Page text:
Groups Yet to Be Notified of Grants

Grant Appeals Meeting Set for Tonight

The Undergraduate Council has scheduled a special meeting tonight for student groups to appeal fall grant decisions. But several groups said they haven't even been notified about the status of their applications.

The finance committee completed its deliberations earlier than ever this year, and scheduled the 10 p.m. meeting tonight in an effort to prevent the drawn-out floor fights which have plagued the annual council grants meetings.

"Because [the grants package] was out so early everyone on the council had a chance to look at it and discuss their problems with us this week," said finance committee Chair Jamila A. Braswell '94.

But some student leaders are saying that they can't file appeals because the council hasn't even told them the status of their grant applications.

Time is running out for student groups to prepare their appeals, as many of them learned only last night that they needed to and only when called by The Crimson.

Braswell said the committee sent out letters informing groups of their grant recommendations last week. She said most if not all student groups have been notified, but acknowledged that some groups may have been "neglected."

She said that finance is the smallest council committee. "We do ten times the amount of work, so sometimes things slip through," Braswell said.

But the leaders of at least two groups whose grant applications were completelydenied said they had not received notification asof last night.

CityStep Executive Producer Allison S. Bryant'94 and Harvard Computer Society PresidentJefferson C. Tarr '94 both said that they had notheard from the council.

"I plan to appeal this recommendation," Tarrsaid. "I don't understand the decision and I'mvery surprised that the U.C. doesn't want to helpto educate Harvard to keep it technologically upto date."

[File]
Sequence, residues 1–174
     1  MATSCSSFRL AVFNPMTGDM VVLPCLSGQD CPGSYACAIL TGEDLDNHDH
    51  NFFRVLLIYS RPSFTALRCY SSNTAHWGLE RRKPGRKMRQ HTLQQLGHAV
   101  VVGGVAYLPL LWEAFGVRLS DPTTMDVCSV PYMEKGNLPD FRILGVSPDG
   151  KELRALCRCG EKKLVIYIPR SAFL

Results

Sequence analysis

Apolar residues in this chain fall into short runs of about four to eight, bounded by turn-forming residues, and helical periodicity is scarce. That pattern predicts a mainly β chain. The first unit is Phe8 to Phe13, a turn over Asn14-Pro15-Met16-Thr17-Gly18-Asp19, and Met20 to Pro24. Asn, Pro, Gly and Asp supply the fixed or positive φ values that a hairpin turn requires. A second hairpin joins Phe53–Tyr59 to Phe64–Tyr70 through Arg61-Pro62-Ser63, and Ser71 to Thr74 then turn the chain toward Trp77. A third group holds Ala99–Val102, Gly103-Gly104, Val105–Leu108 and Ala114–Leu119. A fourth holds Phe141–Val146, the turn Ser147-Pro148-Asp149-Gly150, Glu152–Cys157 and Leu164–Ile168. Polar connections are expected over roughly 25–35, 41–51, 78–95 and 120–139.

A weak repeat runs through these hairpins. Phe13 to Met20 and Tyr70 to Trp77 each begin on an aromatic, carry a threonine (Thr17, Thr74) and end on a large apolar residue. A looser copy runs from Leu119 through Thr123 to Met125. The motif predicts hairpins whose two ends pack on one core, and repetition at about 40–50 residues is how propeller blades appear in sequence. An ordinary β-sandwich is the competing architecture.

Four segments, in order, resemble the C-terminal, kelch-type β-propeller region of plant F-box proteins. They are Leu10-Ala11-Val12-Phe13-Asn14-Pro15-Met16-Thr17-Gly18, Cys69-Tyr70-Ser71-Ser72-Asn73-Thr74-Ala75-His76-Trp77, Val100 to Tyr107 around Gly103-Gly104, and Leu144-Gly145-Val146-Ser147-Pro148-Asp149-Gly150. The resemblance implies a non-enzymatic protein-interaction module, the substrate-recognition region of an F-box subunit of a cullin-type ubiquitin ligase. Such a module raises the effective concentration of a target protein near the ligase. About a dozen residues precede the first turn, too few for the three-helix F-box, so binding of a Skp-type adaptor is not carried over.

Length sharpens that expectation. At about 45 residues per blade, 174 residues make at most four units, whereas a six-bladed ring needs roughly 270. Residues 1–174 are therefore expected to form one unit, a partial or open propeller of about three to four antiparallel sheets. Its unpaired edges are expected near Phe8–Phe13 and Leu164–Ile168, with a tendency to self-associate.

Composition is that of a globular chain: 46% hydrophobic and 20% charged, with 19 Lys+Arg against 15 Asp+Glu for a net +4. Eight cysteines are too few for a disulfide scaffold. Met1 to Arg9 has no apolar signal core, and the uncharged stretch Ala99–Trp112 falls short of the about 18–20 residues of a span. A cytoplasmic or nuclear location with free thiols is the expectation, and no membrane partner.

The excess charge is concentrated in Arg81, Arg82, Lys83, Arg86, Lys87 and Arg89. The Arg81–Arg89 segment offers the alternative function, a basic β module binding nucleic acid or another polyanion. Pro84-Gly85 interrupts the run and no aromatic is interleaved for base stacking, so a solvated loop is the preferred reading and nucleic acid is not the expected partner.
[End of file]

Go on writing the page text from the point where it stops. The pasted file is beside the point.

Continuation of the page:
CityStep grants producer Eric W. Dawson '96also said the council did not tell him about thegrant decision. "We will appeal, however, now thatwe know," he said.

Other student groups whose grants applicationshave been rejected include: Crimson Outreach, theHarvard-Radcliffe Playwright Society, the HarvardInvestment Association, the Leverett House Grille,and the Del Sur Latino Issues Magazine.

But council President Carey W. Gabay '94 wasoptimistic, saying he expected fewer than fivegroups to appeal the committee's report.

The full council will meet on Sunday for afinal vote on the entire grants package submittedby the finance committee.

"It's not like we're here to cut groups down,"Braswell said. "We're providing a service, andthis year we're especially targeting groups whichwe'd like to help move towards self-sufficiency."

Braswell said student groups were deniedfunding either because they were not officiallyrecognized student organizations or because thecommittee decided that they had sufficient sourcesof funding besides the council.

"If you have the money, spend it, and whenyou're in real need, come to us," Gabay said.

While some groups were denied grantsaltogether, other groups may receive hundreds morethan they requested.

The Environmental Reporter requested $100 butthe committee recommended a grant of $900. TheHarvard-Radcliffe Ballet Company requested $300but could get $500.

"There were groups who filed for grants fromseveral sources, and maybe they got 'negged'elsewhere so we took that into consideration whenwe got to those applications," said Gabay, who isalso a member of the finance committee.

SafetyWalk received the largest grantrecommendation--$780 for volunteer training andraincoats, and a $900 loan.

In total, the committee recommendeddistributing $32,511 in grants and $2,400 inloans. The council distributed $41,000 in grantslast year after a lengthy meeting